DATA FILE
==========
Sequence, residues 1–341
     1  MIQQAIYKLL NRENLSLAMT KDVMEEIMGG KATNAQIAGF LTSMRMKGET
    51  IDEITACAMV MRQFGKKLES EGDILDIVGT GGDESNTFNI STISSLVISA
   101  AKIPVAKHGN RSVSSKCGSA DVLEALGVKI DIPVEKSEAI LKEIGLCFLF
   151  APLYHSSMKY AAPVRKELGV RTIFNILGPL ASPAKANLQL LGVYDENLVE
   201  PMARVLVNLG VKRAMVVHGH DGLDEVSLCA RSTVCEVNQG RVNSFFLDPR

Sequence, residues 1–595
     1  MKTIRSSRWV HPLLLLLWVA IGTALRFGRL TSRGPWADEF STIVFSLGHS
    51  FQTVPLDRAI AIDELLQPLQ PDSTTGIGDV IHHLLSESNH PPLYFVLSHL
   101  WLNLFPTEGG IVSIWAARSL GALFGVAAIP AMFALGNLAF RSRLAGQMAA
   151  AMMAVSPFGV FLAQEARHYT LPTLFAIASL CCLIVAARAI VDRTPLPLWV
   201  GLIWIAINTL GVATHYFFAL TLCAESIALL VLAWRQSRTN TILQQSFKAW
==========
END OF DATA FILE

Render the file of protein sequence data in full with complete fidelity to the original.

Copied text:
Sequence, residues 1–341
     1  MIQQAIYKLL NRENLSLAMT KDVMEEIMGG KATNAQIAGF LTSMRMKGET
    51  IDEITACAMV MRQFGKKLES EGDILDIVGT GGDESNTFNI STISSLVISA
   101  AKIPVAKHGN RSVSSKCGSA DVLEALGVKI DIPVEKSEAI LKEIGLCFLF
   151  APLYHSSMKY AAPVRKELGV RTIFNILGPL ASPAKANLQL LGVYDENLVE
   201  PMARVLVNLG VKRAMVVHGH DGLDEVSLCA RSTVCEVNQG RVNSFFLDPR

Sequence, residues 1–595
     1  MKTIRSSRWV HPLLLLLWVA IGTALRFGRL TSRGPWADEF STIVFSLGHS
    51  FQTVPLDRAI AIDELLQPLQ PDSTTGIGDV IHHLLSESNH PPLYFVLSHL
   101  WLNLFPTEGG IVSIWAARSL GALFGVAAIP AMFALGNLAF RSRLAGQMAA
   151  AMMAVSPFGV FLAQEARHYT LPTLFAIASL CCLIVAARAI VDRTPLPLWV
   201  GLIWIAINTL GVATHYFFAL TLCAESIALL VLAWRQSRTN TILQQSFKAW